AutoAir Composites Inc., rebounding from a deep slump earlier this decade in its aircraft components market, is projecting sales of $30 million, an increase of about 50 percent over 1996.
AutoAir, the chief subsidiary of publicly held Cade Industries Inc., builds composite engine and airframe components and engine test equipment in a cluster of three plants in Lansing, Mich.
To handle the expected business increase, AutoAir earlier this month acquired a 45,000-square-foot building in Sunfield, Mich.
The firm plans to consolidate its engine test equipment business in the Sunfield plant, giving it more space in Lansing for composites production. It also builds the test equipment, which is installed in aircraft overhaul shops.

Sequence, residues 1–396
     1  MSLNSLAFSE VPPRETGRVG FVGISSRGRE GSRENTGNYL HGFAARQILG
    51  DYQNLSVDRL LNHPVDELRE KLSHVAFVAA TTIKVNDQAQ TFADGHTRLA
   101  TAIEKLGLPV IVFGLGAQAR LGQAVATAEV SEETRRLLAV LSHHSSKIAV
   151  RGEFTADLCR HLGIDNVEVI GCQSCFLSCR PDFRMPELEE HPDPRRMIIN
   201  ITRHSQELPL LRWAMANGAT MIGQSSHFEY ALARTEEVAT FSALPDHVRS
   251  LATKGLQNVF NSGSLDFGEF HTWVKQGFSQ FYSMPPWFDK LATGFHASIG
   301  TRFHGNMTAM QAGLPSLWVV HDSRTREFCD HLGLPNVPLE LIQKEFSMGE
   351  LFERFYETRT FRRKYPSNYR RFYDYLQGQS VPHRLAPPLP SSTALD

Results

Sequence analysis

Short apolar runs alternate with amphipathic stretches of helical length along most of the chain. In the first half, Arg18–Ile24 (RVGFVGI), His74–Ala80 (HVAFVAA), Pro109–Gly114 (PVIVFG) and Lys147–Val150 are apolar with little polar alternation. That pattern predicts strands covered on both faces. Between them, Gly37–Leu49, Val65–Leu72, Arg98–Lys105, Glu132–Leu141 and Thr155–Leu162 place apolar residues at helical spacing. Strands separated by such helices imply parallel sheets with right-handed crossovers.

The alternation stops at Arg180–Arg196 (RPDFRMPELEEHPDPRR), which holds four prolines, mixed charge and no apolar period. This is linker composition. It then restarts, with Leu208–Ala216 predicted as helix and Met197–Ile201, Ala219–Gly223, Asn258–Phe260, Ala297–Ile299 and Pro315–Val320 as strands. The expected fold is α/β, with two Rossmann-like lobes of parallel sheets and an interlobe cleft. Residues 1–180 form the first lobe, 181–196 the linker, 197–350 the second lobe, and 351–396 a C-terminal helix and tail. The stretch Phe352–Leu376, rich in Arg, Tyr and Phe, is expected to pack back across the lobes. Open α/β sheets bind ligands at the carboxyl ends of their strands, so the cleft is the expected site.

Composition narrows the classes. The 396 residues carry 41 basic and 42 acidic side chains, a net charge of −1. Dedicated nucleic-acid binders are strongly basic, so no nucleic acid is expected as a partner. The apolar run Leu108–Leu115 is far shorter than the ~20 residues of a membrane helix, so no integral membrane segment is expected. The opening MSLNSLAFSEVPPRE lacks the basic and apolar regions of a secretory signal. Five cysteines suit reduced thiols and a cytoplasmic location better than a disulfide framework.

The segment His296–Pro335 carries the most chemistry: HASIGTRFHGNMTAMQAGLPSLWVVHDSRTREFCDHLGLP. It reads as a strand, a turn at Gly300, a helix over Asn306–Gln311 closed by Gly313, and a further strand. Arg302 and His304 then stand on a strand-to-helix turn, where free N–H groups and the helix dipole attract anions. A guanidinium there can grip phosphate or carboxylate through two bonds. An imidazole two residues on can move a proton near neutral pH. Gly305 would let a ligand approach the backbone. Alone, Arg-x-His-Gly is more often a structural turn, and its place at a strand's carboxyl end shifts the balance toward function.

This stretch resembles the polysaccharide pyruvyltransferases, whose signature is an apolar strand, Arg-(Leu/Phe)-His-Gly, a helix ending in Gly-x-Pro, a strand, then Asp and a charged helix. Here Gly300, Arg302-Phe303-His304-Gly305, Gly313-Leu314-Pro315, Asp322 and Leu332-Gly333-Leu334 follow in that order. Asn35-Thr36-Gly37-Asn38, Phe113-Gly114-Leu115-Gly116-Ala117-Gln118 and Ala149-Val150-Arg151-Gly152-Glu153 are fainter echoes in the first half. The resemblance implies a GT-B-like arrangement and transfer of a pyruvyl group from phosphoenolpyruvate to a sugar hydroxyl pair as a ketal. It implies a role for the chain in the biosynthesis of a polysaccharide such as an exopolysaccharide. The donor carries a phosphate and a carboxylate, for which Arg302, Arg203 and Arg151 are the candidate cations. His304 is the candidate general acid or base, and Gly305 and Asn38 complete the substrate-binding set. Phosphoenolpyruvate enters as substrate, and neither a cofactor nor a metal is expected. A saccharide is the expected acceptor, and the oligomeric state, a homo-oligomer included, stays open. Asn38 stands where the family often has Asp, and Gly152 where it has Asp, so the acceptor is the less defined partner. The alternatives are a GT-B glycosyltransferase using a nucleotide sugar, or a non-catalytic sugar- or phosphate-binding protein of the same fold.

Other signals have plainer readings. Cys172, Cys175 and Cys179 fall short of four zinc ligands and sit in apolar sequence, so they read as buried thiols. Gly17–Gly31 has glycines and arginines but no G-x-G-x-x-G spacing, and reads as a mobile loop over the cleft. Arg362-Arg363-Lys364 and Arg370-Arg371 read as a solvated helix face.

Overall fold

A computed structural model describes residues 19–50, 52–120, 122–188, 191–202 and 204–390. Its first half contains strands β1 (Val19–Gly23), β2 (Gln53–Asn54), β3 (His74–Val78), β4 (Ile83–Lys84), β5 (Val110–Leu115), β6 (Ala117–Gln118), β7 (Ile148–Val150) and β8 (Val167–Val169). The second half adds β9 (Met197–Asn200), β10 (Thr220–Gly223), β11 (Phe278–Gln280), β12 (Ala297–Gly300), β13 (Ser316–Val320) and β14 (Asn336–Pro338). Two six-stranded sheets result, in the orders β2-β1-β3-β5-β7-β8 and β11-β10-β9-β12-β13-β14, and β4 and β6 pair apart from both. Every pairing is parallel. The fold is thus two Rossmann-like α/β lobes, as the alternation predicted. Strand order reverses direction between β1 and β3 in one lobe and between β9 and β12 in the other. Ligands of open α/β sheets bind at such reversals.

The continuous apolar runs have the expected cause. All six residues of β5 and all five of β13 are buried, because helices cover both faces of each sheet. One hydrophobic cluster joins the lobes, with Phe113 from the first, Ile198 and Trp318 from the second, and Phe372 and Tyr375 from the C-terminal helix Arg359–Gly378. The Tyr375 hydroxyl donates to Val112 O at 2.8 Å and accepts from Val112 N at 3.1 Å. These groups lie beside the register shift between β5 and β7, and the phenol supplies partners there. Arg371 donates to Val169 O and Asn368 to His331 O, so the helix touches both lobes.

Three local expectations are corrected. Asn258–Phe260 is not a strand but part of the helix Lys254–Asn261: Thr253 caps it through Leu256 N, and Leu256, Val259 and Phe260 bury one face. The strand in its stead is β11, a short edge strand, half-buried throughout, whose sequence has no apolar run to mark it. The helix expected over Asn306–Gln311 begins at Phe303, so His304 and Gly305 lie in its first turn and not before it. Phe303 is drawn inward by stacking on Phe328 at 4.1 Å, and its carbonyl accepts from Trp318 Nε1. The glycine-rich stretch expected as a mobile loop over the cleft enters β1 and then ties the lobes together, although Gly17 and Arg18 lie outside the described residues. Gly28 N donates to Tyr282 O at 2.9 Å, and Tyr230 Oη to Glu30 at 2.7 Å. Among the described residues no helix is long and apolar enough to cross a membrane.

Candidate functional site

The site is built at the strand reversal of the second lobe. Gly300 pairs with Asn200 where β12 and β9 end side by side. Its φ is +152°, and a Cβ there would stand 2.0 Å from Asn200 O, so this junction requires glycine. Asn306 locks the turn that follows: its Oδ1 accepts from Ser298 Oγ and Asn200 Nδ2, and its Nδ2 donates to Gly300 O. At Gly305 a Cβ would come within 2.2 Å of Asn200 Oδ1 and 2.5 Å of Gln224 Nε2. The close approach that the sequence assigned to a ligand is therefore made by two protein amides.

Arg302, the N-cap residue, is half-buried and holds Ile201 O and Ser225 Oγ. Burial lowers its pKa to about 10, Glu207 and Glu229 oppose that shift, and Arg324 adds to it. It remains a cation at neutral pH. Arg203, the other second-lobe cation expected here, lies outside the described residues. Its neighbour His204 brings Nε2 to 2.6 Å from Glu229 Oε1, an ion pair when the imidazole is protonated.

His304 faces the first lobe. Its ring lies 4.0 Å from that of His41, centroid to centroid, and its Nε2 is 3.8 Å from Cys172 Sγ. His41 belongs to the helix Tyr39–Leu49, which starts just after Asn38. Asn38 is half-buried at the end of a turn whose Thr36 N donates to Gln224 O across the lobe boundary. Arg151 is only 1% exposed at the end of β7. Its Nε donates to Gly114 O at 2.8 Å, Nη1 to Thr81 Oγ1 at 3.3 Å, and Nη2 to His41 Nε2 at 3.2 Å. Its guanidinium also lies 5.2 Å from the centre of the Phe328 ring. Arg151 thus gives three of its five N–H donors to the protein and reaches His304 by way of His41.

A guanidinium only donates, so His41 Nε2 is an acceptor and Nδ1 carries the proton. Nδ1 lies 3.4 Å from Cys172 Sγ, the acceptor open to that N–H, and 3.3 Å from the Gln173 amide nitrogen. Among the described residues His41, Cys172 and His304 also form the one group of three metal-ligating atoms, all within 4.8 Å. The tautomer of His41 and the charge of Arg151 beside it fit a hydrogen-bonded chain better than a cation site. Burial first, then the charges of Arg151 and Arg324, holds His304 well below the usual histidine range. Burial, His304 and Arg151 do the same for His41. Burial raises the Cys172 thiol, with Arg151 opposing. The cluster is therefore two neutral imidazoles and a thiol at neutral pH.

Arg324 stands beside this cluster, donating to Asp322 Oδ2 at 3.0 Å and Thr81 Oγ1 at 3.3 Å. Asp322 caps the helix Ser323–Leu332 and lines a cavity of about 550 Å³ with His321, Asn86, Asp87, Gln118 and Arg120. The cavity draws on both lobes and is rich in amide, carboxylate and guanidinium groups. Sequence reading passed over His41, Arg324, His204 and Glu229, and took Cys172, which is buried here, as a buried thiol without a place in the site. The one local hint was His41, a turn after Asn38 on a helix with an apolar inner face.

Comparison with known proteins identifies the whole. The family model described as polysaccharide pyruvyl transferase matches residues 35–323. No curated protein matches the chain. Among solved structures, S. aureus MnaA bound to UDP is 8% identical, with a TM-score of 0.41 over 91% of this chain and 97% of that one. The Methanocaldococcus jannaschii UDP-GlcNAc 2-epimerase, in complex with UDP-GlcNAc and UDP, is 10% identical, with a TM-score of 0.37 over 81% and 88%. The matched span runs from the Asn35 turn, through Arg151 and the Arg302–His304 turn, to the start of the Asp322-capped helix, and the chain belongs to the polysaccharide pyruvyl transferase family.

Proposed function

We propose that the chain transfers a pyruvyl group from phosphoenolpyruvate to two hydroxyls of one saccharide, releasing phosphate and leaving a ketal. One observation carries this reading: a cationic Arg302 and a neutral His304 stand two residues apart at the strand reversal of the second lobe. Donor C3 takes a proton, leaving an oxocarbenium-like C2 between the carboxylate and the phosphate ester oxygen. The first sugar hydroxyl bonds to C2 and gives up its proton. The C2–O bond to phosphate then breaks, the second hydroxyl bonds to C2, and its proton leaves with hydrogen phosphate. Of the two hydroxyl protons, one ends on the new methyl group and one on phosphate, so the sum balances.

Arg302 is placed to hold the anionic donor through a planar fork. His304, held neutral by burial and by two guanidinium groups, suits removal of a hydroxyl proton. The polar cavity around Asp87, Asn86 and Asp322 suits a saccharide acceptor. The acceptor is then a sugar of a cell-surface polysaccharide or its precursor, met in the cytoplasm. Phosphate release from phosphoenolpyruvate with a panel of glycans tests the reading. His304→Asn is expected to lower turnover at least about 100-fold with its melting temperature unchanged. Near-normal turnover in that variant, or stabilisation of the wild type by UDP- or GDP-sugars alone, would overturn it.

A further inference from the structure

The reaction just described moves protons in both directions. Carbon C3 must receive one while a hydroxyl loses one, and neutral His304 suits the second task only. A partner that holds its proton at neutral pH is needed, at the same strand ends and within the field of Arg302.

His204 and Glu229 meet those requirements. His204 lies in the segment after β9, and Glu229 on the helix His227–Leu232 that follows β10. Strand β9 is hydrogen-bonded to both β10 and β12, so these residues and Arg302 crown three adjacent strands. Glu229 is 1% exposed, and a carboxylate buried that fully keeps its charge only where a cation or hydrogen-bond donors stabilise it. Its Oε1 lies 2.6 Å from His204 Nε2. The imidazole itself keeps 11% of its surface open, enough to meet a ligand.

AutoAir also specializes in short runs and prototyping of highly engineered aerospace composites. The company fabricates a number of large-scale parts, such as nacelles and engine bells, and builds tooling for aerospace and automotive markets.
AutoAir's sales peaked at $26 million in 1992, then plummeted to $13 million in 1991 as production of jet engines used on the MD-80 airliner declined.
``When its volume reduced, we were heavily involved in making components for that engine,'' said marketing head Dennis Bagwell.
The firm slowly bounced back, while working to diversify its customer base.
For 1996, Lansing-based Cade reported profit of $1.06 million on sales of $34.9 million.